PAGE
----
Current Thoracic Surgery 2024 , Vol 9 , Num 1
Benefits of routine uniportal thoracoscopy during rib fixation in the diagnosis and repair of diaphragmatic injury
Onur Derdiyok1,Uğur Temel1
1Department of Thoracic Surgery, SBÜ Şişli Hamidiye Etfal Research and Training Hospital, Istanbul, Turkey DOI : 10.26663/cts.2024.001


Background: The incidence of missed diagnosis of traumatic diaphragmatic injury (TDI) is about 30%. Lower rib fractures may cause TDI. We aimed to present our clinical results of uniportal video-assisted thoracoscopic surgery (VATS) in terms of detecting and repairing TDI, in patients undergoing rib fixation.

Materials and Methods: In this retrospective study, routine uniportal VATS was performed in patients planned to undergo rib fixation due to flail chest and severely displaced rib fractures between January 2021 and January 2023. The results of 11 patients with TDI were investigated.

Results: All patients were male. Eighty-two percent of the patients had blunt type of injury. Most TDIs were detected during VATS (55%). There were 7 left and 4 right TDIs with diaphragmatic defects varying from 2 to 5 cm in size. Two patients had minor omental herniation. Mean number of fractured ribs was 4. Mean duration of operation was 139 minutes. Mean hospital stay was 7 days. Morbidity developed in 1 patient (9%, wound infection).

Conclusions: Routine VATS in patients undergoing SSRF helps detecting and repair TDIs. Its diagnostic benefit in the diagnosis of acute TDI is greatest in patients with multiple rib fractures involving the lower chest wall, although there are no radiographic evidences of TDI.


Traumatic diaphragmatic injuries (TDIs) secondary to blunt or penetrating thoraco-abdominal trauma are difficult to diagnose in the acute trauma setting [1]. Despite advances in radiological imaging, it is known that the incidence of missed or delayed diagnosis of TDI is about 30% [2]. The diagnostic yield of chest radiography and ultrasound in the acute TDI is low [3], and computed tomography has a diagnostic yield of 61-72% [4].

Flail chest and severely displaced rib fractures due to trauma are associated with significant morbidity and mortality, it has been shown that the presence of more than three rib fractures in adults may be a marker for associated solid organ injury [5]. Moreover, lower rib fractures are demonstrated to be related with TDI [1,6]. Delayed massive hemothorax due to TDI secondary to lower rib fractures have been reported [7,8].

The use of exploratory video-assisted thoracoscopic surgery (VATS) for the diagnosis and treatment in traumatic patients with intrathoracic injury has been proposed. VATS is shown to be safe and useful approach in selected patients with thoracic trauma [9-11]. In addition, the benefits of VATS in the diagnosis and treatment of TDI are well-demonstrated [12-15].

In our clinic, we provide surgical stabilization of rib fractures (SSRF) for patients with flail chest injuries or severe multiple rib fractures. We adopted to use routine VATS in the management of these patients, as previously advised [1]. By this way, we had the possibility to detect and treat acute TDIs in patients with traumatic chest wall injury. Here in this report, we aimed to present our experience in this topic.


We retrospectively reviewed the patients (n = 980) who presented with chest wall trauma to the emergency department from January 2021 to January 2023. Among them, patients with sternal, clavicular, scapular and thoracic vertebral bony fractures; patients with additional extrathoracic traumas; patients with chest wall injury related soft tissue; patients undergoing emergency surgery due to trauma; and patients with simple rib fractures not necessitating SSRF were excluded. Patients with flail chest and severely displaced rib fractures for whom SSRF were planned, were taken into the consideration. Among them, patient who necessitated conversion to thoracotomy due to relevant indications were also excluded, and 11 patients who underwent SSFR and diaphragmatic repair using VATS included into the study. All patients underwent chest X-ray and computed tomography of the chest at the admittance. Data collected included patient demographics, mechanism of injury, numbers and places of rib fractures, intraoperative findings, length of operation, length of hospital stay, and follow-up results.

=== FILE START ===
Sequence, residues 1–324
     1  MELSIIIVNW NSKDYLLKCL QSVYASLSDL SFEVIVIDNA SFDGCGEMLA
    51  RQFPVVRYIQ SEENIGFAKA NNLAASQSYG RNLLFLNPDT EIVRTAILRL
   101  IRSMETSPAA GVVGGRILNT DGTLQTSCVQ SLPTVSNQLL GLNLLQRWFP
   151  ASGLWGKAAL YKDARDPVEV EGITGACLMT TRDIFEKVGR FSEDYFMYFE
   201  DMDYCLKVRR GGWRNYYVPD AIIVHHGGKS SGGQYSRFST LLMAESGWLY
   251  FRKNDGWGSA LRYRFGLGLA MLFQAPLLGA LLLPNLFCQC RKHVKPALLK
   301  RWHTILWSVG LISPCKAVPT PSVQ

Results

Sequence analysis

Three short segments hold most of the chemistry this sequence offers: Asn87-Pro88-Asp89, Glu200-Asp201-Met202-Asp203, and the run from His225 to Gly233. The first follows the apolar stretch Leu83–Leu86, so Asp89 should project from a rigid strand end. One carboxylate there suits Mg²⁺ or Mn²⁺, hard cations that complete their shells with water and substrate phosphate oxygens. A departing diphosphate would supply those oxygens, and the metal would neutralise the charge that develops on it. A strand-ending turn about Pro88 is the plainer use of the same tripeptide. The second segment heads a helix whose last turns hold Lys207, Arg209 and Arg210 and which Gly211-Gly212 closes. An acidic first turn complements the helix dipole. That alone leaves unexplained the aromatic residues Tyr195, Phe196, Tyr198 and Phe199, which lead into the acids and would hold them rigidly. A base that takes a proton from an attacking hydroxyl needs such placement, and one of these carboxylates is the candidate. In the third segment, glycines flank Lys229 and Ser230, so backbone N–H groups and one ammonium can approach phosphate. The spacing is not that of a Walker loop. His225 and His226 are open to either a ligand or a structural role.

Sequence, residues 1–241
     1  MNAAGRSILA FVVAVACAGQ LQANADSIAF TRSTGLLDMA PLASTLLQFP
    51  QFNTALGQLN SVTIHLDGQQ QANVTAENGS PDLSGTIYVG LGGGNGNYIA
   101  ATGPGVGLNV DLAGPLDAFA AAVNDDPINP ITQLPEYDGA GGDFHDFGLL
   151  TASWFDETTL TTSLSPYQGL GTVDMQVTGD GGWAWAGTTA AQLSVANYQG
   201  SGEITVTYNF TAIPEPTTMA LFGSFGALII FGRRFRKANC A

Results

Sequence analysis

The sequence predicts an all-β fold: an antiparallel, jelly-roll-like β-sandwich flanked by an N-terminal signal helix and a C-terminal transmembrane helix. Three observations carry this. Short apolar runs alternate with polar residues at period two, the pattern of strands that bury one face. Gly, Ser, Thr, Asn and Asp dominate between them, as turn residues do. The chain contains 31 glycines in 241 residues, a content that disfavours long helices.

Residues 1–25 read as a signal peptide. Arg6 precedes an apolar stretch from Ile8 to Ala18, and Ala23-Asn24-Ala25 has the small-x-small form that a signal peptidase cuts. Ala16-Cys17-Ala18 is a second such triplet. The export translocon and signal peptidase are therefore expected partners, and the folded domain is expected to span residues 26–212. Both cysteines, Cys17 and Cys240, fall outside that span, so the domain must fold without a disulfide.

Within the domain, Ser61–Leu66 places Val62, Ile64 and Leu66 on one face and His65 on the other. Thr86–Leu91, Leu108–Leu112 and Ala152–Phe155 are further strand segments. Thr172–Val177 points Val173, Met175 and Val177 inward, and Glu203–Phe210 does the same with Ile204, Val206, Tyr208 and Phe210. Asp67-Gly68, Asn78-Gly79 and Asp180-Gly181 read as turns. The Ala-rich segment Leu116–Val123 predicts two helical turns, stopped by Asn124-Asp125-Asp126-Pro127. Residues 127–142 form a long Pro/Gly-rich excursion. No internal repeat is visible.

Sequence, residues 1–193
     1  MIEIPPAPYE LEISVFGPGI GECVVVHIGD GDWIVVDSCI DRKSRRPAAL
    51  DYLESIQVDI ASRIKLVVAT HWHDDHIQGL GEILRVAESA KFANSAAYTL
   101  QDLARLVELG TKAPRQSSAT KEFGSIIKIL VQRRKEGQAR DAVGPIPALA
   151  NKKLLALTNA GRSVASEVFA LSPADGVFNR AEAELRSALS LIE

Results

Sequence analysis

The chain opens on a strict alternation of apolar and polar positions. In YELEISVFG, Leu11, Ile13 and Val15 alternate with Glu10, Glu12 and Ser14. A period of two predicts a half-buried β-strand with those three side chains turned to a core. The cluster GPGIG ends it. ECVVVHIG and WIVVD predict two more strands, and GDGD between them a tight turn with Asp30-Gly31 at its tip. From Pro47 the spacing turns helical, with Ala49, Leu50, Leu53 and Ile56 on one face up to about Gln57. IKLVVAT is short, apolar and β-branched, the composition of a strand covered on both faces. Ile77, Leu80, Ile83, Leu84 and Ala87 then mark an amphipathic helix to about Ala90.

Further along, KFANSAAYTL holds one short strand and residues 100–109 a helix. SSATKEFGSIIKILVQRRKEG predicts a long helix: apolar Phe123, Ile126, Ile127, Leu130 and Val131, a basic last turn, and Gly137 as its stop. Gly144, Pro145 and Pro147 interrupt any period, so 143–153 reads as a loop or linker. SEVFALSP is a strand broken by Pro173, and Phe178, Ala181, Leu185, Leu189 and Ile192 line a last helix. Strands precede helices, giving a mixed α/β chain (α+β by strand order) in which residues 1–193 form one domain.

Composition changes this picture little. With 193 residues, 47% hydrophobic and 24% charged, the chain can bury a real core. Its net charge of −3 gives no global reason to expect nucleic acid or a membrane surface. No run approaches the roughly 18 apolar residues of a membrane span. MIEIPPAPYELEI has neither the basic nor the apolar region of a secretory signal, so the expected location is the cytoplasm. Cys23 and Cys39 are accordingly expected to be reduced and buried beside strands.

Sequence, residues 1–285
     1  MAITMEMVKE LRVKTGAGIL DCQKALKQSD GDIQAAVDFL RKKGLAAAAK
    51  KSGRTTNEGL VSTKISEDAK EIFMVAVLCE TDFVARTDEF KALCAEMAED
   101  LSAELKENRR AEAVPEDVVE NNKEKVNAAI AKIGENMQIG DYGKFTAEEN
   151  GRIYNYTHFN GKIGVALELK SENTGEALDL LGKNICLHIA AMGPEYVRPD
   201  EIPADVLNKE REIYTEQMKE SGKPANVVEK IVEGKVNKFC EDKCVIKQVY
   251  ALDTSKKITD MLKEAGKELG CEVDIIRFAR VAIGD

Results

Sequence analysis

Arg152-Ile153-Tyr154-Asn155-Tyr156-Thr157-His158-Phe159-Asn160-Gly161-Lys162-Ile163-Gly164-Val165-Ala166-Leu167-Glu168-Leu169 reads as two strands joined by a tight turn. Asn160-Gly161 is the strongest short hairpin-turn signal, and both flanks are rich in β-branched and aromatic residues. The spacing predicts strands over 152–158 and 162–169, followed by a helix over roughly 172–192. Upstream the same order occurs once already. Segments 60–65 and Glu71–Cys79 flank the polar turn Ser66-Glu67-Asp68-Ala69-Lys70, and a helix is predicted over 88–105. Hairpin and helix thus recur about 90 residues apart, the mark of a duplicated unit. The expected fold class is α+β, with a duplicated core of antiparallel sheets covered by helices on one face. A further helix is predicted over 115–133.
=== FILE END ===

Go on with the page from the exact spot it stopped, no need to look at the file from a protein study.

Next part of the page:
VATS was performed using lung isolation with a double lumen endotracheal tube or bronchial blocker placed through a single lumen endotracheal tube. Any previously placed chest tube was removed following the induction of general anesthesia and lung isolation. A 3 cm camera port incision was made anterior to the iliac spine in the 6th or 7th intercostal space, but if the broken ribs were very close to the incision site, a more suitable place was chosen. No CO2 gas insufflation was used. A 10 mm 30-degree thoracoscope was introduced via a 12 mm port into the pleural space. A sucker was inserted through the same port to aspirate ant fluid and/or blood, then the pleural space, lungs, diaphragm and other structures were carefully inspected. The displaced rib fractures were observed and any potential arterial and/or venous bleeding were cauterized or clipped (Figure 1A). Detected lung lacerations were sutured using a running 3-0 polypropylene suture. In TDI was detected, the port incision was extended to 5 cm (Figure 1B). Any herniated abdominal viscera, if present, were reducted to the abdominal cavity and the repair of the diaphragm was performed using interrupted 0-vicryl sutures (Figure 1C). The repair of the diaphragm was done via uniportal approach (Figure 1D). Then using a separate muscle-sparing incision, approximately 4 to 5 cm in size, SSRF was done by placing plates and screws on the external aspect of the ribs in the submuscular space (Figures 2A,B). Following SSRF, the pleural space was investigated using VATS, a 28 Fr chest tube was placed through the camera port, and the incisions were closed appropriately. All patients were extubated at the operating room. All the operations were performed within the first 2 days following the injury.

Figure 1. Displaced rib fractures (white stars) and minimal intercostal bleedings (A), injuries in the diaphragm (white arrows) (B), diaphragm after the repair (C), the view of the uniportal VATS approach (D).

Figure 2. Separate muscle-sparing incision for rib fracture repair (A), the view after the fixation of 3 ribs (B).

Postoperatively, all patients received similar analgesic (intravenous patient-controlled analgesia), antibiotic and bronchodilator treatment. The chest tubes were removed when the lungs were totally expanded without air-leak, and the daily drainage was less than 150 mL. Patients were discharged on the day of chest tube removal or the following day, as appropriate. The followup scheduled 2 times in a month during 3 months. The study was conducted in accordance with the Declaration of Helsinki and was approved by the local institutional review board (2023/4022). Individual consent for this study was waived from each patient.